You may be able to exclude some of the gain on the sale of your home used for business purposes if you meet the ownership and use tests, and if the part of your property used for business is within your home (in other words, not a separate part of your property).
Per the IRS Publication 587 Business Use of Your Home, page 14:
Sale or Exchange of Your Home
If you sell or exchange your home, you may be able to exclude up to $250,000 ($500,000 for certain married persons filing a joint return) of the gain on the sale or exchange. In most cases, you must meet the ownership and use tests. However, even if you meet the ownership and use tests, your home sale is not eligible for the exclusion if either of the following is true.
Ownership and use tests. The ownership and use tests generally require that during the 5-year period ending on the date of the sale:
Gain on Sale
If you use property partly as a home and partly for business, the treatment of any gain on the sale varies depending on whether the part of the property used for business is part of your home or separate from it.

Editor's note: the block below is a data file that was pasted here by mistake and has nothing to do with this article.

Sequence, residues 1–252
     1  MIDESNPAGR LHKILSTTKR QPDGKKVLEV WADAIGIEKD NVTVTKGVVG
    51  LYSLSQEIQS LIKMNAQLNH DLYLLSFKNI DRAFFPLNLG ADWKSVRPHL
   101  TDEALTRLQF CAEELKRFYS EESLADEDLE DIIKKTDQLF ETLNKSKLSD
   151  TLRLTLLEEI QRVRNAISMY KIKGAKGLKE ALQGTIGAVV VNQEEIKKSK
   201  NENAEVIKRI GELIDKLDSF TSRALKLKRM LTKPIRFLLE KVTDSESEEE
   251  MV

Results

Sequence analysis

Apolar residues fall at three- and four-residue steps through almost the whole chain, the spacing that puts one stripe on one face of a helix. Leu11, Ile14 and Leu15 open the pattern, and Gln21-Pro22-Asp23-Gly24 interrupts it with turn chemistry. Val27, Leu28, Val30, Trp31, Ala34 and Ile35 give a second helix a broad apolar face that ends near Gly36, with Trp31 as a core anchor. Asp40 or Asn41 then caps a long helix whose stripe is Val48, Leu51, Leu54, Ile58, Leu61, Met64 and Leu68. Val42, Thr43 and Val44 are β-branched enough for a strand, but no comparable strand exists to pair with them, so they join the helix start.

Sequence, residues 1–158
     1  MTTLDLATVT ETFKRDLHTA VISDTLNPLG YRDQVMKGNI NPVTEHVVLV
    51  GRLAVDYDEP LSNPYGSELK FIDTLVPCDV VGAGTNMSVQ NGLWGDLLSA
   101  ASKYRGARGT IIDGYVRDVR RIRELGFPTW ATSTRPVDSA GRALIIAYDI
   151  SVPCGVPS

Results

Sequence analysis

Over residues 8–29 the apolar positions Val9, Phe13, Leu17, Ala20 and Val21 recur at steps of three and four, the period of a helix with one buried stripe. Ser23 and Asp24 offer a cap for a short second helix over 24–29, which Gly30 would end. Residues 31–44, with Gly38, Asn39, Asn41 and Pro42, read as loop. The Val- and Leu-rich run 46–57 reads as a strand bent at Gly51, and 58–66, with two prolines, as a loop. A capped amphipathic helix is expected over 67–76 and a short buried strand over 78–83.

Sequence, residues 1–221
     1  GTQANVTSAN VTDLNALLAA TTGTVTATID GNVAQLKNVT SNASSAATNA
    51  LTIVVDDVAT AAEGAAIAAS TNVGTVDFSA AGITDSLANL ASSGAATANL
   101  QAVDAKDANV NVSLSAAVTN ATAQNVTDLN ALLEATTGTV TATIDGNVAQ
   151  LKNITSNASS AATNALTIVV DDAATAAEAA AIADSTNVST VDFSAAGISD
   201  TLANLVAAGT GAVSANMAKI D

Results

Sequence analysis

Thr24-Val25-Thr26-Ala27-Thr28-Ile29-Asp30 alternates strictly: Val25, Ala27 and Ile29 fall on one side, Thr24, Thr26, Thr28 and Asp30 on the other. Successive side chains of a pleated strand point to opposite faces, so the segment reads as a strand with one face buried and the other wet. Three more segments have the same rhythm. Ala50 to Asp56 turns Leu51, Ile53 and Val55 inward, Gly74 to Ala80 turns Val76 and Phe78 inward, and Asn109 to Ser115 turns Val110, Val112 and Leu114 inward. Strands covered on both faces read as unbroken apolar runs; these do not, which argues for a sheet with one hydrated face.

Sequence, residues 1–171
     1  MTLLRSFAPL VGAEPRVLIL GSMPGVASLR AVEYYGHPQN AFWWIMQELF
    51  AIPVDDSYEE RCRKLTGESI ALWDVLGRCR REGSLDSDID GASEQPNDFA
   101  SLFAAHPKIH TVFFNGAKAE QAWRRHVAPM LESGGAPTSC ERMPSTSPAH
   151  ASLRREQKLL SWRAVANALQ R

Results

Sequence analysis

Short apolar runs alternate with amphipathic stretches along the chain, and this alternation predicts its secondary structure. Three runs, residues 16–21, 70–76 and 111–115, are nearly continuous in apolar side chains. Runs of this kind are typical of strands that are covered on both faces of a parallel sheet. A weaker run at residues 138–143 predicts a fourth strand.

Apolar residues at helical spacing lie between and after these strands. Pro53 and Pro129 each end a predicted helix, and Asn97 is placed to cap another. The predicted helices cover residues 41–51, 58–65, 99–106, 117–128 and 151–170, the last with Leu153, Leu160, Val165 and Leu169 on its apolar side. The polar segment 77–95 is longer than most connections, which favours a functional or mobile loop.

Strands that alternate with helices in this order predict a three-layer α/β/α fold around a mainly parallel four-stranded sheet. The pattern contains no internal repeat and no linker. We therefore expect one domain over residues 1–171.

Part of Home Used for Business
If the part of your property used for business is within your home, such as a room used as a home office for a business or rooms used to provide daycare, you do not need to allocate gain on the sale of the property between the business part of the property and the part used as a home. In addition, you do not need to report the sale of the business part on Form 4797, Sales of Business Property. This is true whether or not you were entitled to claim any depreciation. However, you cannot exclude the part of any gain equal to any depreciation allowed or allowable after May 6, 1997. See Depreciation, later.
Note: if you used a separate part of your property for business, see Separate Part of Property Used for Business in IRS Publication 587.
To enter the sale of your home used in your business in the TaxAct Program: